WASHINGTON – After a contentious and possibly damaging nomination process that lasted almost two months, the Senate on Tuesday confirmed former Nebraska Republican Sen. Chuck Hagel as the new secretary of defense.
Hagel, 66, who served two terms in the chamber before retiring in 2008, won the post by a vote of 58-41, aided by the backing of four Republicans: Sens. Rand Paul of Kentucky, Mike Johanns of Nebraska, Thad Cochran of Mississippi and Richard Shelby of Alabama.
Hagel will replace Leon Panetta, who served as head of both the Defense Department and the CIA under President Barack Obama.
The vote brings to an end a nomination battle that had Republican critics claiming that Hagel – a decorated Vietnam War veteran, a policy adviser to Panetta and intelligence adviser to the president – was unqualified for the job, while Democratic supporters said they had twisted his words and smeared his reputation.
At the White House, the immediate reaction was relief.
Obama called Hagel “the defense secretary our nation needs and the leader our troops deserve.”
For his part, Hagel was looking ahead. “I will work closely with Congress to ensure that we maintain the strongest military in the world and continue to protect this great nation,” he said in a statement after the vote.
Hagel will take over a job where he will have to grapple with myriad unresolved tensions and emerging threats: Syria’s anti-government uprising, Iran’s effort to develop nuclear weapons, China’s cyberwar against the U.S., and looming cuts in the defense budget.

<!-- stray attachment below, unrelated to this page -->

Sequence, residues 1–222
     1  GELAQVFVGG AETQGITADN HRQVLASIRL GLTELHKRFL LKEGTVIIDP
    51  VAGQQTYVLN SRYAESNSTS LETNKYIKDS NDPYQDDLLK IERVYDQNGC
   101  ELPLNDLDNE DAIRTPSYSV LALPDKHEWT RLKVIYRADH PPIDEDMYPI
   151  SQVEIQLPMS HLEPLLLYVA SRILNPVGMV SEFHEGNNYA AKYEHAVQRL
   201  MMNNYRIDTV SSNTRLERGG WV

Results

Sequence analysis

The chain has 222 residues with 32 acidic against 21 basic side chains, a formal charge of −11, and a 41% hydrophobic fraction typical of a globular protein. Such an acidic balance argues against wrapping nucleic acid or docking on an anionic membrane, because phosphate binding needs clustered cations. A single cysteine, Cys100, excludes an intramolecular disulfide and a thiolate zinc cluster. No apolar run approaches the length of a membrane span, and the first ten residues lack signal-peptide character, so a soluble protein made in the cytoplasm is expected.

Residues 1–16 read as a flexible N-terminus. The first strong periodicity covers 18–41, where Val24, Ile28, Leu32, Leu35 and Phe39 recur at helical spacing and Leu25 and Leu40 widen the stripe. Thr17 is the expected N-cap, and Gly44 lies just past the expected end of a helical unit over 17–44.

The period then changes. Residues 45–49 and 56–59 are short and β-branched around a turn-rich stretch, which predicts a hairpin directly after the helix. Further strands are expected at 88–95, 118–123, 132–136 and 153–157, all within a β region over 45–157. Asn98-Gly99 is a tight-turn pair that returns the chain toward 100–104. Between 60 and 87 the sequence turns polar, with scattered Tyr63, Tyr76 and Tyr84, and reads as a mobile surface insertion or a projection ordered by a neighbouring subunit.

Defense policy expert Michael O’Hanlon of the Brookings Institution said that for Hagel to be effective he will need support in Congress, and soon. His priority, O’Hanlon said, will be “figuring out a package of defense cuts, beyond last year’s, that he and the rest of the administration and the Congress and the military can live with.”
That might prove difficult, given the strong feelings, and equally strong charges, evoked during his confirmation fight.
“At this critical time in our nation’s history, we need a secretary of defense who commands bipartisan support and is willing to take every action necessary to defend the United States if the need arises,” said Sen. Dan Coats, R-Ind., in a speech on the Senate floor. “Based on the years of public statements and actions taken during his career, I cannot say Chuck Hagel meets the criteria needed for this position that is so critical.”
But Sen. Claire McCaskill, D-Mo., suggested that the opposition to Hagel “wasn’t about resume, it was about ideology,” and she worried about the fallout.